Only days ago, our nation experienced another mass shooting, the largest and most deadly to date. Forty-nine innocent, young people were murdered in a nightclub in Orlando, where they came together simply to hang out and dance. We as a nation experience these violent events far too often, and today, our Coalition stands in solidarity with the LGBTQ community, at whom this attack was directed; with the victims and their families of this latest event; and with all Americans who experience the trauma of gun violence each and every day. We stand committed to them no matter their race, ethnicity, religion, sexual orientation, gender identity, or place of birth. This is a time for our nation to come together to mourn the loss, find solutions, and discourage bigotry and hatred in all its forms.
The debate over how to respond to the Zika virus has produced some of the most dramatic political theater seen in Congress since the Ebola outbreak in 2014. It’s an edge-of-your seat drama, and Washington, D.C.,’s media brain trust knows it: a mysterious, life-threatening virus with tropical origins, high stakes for American families and a national leadership at war over how to deal with it.
By Julie Morita, M.D., Commissioner , Chicago Department of Public Health
Today is World No Tobacco Day, a day dedicated to bringing attention to the devastating health risks associated with tobacco use and to build momentum for passing effective policies to reduce tobacco use across the globe. This year’s theme is “Get ready for plain packaging” – a bold approach from the WHO Framework Convention on Tobacco Control to reduce the promotional appeal of cigarette packs and communicate health information with graphic warnings.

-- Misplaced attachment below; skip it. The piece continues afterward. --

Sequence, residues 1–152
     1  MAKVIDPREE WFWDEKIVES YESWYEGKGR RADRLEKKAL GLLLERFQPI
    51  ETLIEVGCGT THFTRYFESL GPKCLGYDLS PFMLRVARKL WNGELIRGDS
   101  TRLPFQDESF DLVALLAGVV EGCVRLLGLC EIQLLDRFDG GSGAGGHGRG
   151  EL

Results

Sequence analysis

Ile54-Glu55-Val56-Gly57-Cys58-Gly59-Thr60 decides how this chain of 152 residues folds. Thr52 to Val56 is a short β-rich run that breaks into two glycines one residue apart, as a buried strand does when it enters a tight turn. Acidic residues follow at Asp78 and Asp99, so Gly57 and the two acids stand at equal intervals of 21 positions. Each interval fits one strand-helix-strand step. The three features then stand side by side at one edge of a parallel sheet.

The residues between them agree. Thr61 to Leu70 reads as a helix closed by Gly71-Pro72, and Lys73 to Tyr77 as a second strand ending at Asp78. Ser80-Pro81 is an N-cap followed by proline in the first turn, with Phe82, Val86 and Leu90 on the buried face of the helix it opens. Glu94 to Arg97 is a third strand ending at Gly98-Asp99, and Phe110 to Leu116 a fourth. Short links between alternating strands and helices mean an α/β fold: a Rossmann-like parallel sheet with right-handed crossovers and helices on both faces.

Congress left for recess last week without providing funding for the latest public health emergency, the Zika virus. Let’s give them the benefit of the doubt: until recently, the Zika virus was a moving target. The science was straining to catch up with the threat, and therefore, the costs of failing to prepare and respond were more vague. We weren’t 100% sure if Zika caused microcephaly in babies. We hadn’t seen the maps showing where the mosquito vectors lived. We didn’t know it could be sexual transmitted. Now, the facts are clear. Alexandra Phelan and Lawrence O. Gostin (Georgetown University public health/law professors), writing in Health Affairs last week, got it exactly right, saying “It is one thing to fail to prepare for an emerging infectious disease if the risks are uncertain. But it is quite another to fail to act when the facts are clear.” It is time for the U.S. Congress to allocate dollars to prepare for, and respond to, what could become a major public health disaster.
The movement to raise the age of sale of tobacco products to 21 in Kansas City is a tale of collaboration, casting, and finding the best messengers. It’s about telling the right story at the right time.